Category Archives: Quotations

Doublets: Memory as Literature

atkins-bookshelf-quotations“Every man’s memory is his private literature.”

Alders Huxley (1894-1963), British writer and philosopher. Huxley’s best known work is Brave New World.

“A childhood is what anyone wants to remember of it. It leaves no fossils, except perhaps in fiction.”

Carol Shields (1932-2003), American-born Canadian short story writer and novelist. Her novel, The Stone Diaries, published in 1993, won the Pulitzer Prize for fiction.

 

Read related posts: Doublets: Genius
Doublets: Youth and Maturity
Doublets: You Cannot Run Away From Yourself
Doublets: The Lessons of History
Doublets: Reading a Great Book
Doublets: Tolerance
Doublets: The Role of Religion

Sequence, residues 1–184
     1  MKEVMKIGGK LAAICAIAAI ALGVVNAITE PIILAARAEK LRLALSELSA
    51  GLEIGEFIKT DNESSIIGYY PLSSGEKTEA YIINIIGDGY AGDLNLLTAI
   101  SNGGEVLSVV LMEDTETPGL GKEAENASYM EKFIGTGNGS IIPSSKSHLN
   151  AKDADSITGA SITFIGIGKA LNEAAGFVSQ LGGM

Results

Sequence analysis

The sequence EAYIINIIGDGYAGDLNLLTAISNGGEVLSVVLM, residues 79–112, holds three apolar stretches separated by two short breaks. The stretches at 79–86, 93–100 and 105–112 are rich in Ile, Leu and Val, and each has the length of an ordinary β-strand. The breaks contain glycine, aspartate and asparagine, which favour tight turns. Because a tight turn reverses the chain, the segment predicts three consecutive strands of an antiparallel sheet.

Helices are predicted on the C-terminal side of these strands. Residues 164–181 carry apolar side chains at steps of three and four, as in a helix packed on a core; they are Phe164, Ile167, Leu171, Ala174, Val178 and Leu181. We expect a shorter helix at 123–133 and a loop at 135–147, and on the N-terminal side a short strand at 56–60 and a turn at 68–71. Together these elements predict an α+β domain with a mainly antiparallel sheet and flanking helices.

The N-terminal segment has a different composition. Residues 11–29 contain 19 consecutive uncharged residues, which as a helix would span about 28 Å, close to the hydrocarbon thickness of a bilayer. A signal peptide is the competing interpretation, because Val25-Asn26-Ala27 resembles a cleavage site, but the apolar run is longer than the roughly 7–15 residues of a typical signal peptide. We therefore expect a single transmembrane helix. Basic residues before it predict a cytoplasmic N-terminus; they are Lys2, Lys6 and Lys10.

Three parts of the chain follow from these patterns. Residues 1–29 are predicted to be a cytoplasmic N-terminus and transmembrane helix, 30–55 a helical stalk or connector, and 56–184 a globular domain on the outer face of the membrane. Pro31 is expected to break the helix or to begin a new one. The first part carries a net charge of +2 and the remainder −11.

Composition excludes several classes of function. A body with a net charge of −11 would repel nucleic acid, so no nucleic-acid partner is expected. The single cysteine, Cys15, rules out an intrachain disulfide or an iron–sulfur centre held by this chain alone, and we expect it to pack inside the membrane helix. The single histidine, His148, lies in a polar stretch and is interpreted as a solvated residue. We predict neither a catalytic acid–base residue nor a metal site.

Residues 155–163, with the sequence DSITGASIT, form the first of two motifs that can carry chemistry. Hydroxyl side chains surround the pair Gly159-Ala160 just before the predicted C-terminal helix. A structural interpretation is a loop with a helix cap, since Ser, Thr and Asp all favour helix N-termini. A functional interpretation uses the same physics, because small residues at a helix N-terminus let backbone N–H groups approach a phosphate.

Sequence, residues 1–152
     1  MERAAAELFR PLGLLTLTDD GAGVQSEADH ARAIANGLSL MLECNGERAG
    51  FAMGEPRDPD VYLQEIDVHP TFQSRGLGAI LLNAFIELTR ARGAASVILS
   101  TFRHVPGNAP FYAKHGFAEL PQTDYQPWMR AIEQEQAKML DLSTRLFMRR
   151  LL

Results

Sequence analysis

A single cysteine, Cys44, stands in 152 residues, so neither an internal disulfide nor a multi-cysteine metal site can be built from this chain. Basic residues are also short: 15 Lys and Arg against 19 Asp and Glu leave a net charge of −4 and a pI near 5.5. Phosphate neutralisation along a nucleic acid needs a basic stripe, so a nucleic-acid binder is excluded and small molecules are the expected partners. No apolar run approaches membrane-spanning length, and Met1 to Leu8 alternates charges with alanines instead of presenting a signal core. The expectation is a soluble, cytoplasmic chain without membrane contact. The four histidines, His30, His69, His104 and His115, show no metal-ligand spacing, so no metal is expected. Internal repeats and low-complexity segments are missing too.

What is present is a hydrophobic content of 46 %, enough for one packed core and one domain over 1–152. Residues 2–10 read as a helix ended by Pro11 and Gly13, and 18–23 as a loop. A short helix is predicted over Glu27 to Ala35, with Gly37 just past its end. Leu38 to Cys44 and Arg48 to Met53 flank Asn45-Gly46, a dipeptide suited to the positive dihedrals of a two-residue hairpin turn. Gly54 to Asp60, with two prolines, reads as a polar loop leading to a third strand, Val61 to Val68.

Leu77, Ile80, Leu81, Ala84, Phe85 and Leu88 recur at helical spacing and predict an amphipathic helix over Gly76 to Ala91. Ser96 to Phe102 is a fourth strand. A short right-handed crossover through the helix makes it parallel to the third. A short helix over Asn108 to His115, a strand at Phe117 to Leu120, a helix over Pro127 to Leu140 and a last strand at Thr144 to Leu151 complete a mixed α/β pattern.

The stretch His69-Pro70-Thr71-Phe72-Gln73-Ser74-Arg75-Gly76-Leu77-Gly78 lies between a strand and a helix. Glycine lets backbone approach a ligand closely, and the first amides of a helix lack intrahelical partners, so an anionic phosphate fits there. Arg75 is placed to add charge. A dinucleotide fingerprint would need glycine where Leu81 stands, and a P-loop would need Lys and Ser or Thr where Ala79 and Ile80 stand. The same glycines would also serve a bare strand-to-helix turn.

Doublets: Things Left Unsaid


Famous Last Words: Part 2

atkins bookshelf quotations“The tricky thing in the ‘last word’ business, as in so much else, is timing. Do you think of something clever years before and try and remember it to trot out at the appropriate time? Do you rely on last-minute inspiration?” writes Sir Richard Stilgoe in the introduction to Eric Grounds’ entertaining The Bedside Book of Final Words, “How can you control your last seconds so that you say your pithy sentence, check that someone’s got it down accurately, then die? Fortunately for biographers and collectors of last final words, many famous people have said some very clever things that were actually recorded in one form or another for posterity. Here are some selections from Grounds’ collection of famous last words:

Louisa May Alcott: “Is it not meningitis?”

Jane Austen: “Nothing but death…”

James Barrie: “I can’t sleep.”

L. Frank Baum: “Now we can cross the shifting sands.”

Lord George Byron: “I leave something dear to the world.”

Kurt Cobain: “I love you. I love you.”

Salvador Dali: “¿Donde esta mi reloj?” (“Where is my clock?”)

Charles Dickens: “Yes, on the ground.” (In response to someone suggesting that he lie down.)

Benjamin Franklin: “A dying man can do nothing easy.”